Healthy habits for back to school time
It’s that time of year that brings anticipation, hope, and dread … it’s back to school time!
For some children going back to school is a happy time. They look forward to meeting up with friends, they are bored watching daytime television and look forward to the challenges a new academic year will bring. Other children find the experience anxiety provoking and take longer to settle into the new routine of school life.
Similar to New Year’s Eve, starting a new academic year can be a good opportunity to make some new resolutions. Starting with some new habits can help your child hit the ground running when they start school.
Here are four fantastic habits that will help kick off the year on the right foot:
- Get organised. Make sure that all school equipment is packed and ready to go the night before. There is nothing worse than the frantic early morning rush. Encourage your child to do their homework promptly and avoid leaving it till the last minute. You will be setting up good habits for later on in life.
- Pack healthy lunches and snacks. Fresh fruits, chopped up veggies, currants and raisins, wholemeal bread and a bit of protein to keep energy levels up throughout the day. A recent study by Belot & James (2011) looked into the effects of introducing healthy eating to a school. The researchers found that healthier eating improved educational outcomes in English and Science and reduced absences linked to illness and health by 14%.
- Talk more. Chatting to your child about your first day at school can help them realise that it is normal to feel a little nervous when they go back to school. Similarly, throughout the year your child may express concern about something that is bothering them at school. By sharing some of the worries you experienced at school this can help the problem solving process.If you ask your child how their day went it is also normal to only get the shrugged response, ‘it was okay!’ If you want more of a dialogue try a different approach by asking open ended questions i.e. what did you enjoy?, what did you play during recess? Apparently Albert Einstein’s mother never asked him ‘what did you learn today?’ but ‘what questions did you ask?’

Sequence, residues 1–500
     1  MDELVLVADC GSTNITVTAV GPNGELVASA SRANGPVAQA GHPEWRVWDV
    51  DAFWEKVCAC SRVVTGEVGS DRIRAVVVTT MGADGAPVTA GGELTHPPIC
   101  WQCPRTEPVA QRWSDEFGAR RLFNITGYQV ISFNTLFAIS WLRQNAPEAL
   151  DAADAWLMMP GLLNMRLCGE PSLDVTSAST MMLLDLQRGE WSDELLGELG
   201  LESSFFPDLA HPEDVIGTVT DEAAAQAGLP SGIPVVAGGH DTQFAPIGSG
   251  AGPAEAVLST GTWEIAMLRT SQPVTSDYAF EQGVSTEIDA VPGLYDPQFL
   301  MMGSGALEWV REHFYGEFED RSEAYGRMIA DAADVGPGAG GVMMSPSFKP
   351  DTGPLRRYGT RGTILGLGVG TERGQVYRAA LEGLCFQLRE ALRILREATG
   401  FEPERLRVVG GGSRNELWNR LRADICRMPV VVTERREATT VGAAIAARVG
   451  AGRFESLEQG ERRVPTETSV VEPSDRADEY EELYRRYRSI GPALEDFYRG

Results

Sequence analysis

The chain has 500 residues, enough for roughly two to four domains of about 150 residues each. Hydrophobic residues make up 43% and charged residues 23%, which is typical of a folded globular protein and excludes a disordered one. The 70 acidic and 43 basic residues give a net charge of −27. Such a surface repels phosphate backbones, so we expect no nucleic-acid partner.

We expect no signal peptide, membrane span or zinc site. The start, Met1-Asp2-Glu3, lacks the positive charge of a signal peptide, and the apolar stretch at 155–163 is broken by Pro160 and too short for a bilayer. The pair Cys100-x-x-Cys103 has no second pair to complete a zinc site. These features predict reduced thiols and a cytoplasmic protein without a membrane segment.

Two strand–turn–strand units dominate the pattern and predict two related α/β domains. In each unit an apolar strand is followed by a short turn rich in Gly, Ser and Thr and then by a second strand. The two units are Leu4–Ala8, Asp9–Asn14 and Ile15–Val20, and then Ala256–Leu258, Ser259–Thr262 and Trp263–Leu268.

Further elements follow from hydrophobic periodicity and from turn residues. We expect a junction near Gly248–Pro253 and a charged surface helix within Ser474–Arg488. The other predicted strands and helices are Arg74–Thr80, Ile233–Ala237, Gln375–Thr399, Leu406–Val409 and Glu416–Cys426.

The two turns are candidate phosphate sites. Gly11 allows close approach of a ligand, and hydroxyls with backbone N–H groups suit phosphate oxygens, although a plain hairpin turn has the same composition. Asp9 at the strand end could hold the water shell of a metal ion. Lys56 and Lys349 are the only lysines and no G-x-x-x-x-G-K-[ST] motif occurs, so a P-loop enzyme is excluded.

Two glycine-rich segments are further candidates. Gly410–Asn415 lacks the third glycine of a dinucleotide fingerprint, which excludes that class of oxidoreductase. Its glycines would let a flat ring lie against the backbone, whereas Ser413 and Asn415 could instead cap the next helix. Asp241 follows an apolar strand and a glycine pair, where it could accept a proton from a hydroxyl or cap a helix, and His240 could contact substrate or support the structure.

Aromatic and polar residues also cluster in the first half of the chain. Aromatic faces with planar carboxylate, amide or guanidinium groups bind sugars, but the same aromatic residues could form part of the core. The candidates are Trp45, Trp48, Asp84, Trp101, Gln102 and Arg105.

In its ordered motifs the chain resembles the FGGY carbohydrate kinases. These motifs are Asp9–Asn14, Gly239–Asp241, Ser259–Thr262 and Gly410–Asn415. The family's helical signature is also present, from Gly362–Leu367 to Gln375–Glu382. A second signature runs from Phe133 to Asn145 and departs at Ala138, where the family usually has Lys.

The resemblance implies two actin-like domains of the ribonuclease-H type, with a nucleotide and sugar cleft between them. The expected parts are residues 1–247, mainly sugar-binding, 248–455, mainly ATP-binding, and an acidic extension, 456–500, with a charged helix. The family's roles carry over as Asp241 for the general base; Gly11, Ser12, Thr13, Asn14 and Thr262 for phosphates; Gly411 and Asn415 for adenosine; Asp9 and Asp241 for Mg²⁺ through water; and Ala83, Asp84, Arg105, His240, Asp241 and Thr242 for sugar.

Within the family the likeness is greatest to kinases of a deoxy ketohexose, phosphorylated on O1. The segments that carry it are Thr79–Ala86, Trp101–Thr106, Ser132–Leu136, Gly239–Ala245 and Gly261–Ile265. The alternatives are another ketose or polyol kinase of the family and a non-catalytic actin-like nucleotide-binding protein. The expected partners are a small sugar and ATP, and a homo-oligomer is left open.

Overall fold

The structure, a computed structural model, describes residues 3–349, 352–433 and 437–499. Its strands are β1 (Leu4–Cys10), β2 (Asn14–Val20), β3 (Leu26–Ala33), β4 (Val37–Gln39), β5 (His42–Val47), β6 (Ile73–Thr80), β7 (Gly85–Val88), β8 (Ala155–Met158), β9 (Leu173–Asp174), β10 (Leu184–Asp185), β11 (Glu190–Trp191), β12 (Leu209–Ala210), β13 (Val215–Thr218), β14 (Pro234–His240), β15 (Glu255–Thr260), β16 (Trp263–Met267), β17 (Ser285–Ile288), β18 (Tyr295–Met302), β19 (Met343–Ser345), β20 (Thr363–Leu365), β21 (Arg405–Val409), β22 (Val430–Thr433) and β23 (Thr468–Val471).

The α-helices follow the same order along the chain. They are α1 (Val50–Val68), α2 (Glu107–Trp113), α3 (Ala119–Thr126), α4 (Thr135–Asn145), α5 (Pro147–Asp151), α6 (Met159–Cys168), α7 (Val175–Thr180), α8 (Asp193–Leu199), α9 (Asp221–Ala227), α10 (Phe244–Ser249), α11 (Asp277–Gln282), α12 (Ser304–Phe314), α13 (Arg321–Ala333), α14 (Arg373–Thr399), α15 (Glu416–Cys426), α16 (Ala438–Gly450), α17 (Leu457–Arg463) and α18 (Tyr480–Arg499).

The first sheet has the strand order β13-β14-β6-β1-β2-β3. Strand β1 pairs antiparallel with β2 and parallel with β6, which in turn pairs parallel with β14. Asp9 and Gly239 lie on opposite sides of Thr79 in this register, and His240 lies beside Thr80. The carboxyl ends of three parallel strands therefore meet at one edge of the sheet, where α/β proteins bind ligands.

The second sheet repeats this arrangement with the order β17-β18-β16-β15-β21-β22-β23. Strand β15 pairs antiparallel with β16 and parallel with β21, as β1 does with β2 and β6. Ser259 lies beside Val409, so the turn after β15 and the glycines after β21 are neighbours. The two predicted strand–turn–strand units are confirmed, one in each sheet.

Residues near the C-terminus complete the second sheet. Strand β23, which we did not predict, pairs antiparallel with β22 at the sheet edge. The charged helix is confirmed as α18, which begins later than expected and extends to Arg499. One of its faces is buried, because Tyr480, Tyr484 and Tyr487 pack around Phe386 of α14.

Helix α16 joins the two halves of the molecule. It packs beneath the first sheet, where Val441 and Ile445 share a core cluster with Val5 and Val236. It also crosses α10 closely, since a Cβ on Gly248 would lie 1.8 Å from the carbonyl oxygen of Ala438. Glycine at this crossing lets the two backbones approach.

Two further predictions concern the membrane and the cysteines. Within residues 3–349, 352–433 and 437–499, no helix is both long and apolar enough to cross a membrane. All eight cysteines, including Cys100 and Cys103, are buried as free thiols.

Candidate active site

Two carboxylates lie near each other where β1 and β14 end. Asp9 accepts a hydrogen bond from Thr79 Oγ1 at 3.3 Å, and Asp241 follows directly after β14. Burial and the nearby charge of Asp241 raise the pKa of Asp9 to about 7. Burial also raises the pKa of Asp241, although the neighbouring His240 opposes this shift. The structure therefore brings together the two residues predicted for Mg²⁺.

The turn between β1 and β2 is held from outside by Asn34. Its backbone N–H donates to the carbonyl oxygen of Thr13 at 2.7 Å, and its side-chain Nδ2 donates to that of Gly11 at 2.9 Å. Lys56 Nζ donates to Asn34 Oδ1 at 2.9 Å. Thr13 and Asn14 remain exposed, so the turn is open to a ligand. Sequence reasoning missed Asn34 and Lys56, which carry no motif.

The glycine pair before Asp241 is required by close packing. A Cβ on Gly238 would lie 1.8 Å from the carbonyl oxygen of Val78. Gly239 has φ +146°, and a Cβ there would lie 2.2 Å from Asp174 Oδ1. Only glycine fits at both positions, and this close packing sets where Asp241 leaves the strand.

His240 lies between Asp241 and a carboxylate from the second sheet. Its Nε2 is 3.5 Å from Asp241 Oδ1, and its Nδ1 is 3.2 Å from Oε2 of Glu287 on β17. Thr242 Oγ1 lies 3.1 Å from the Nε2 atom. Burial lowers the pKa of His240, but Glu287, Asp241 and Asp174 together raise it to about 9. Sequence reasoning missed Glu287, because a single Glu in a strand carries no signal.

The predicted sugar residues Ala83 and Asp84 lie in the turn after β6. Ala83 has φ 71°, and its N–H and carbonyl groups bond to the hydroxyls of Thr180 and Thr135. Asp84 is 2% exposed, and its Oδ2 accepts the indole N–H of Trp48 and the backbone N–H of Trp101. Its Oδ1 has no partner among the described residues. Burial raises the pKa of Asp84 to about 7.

- Sleep well. Healthy sleep is vital to help children concentrate and make the most of school. They need between 9 to 12 hours of sleep per night. Research by Curico (2006) showed that the quality and quantity of sleep are closely related to learning capacity and academic performance. Curico’s study also shows that sleep loss is associated with poorer academic performance. One of the best ways to train your child’s body to sleep well is to go to bed and get up at more or less the same time every day. Children like to know what to expect.
- Belot, M. & James, J. (2011) Healthy school meals and educational outcomes. Journal of Health Economics (30) pp.489-504. (http://faculty.smu.edu/millimet/classes/eco7377/papers/belot%20james%202011.pdf)
- Curico, G., Ferrar, M., & De Gennaro, L. (2006) Sleep loss, learning capacity and academic performance. Sleep Medicine Review 10, pp.323-337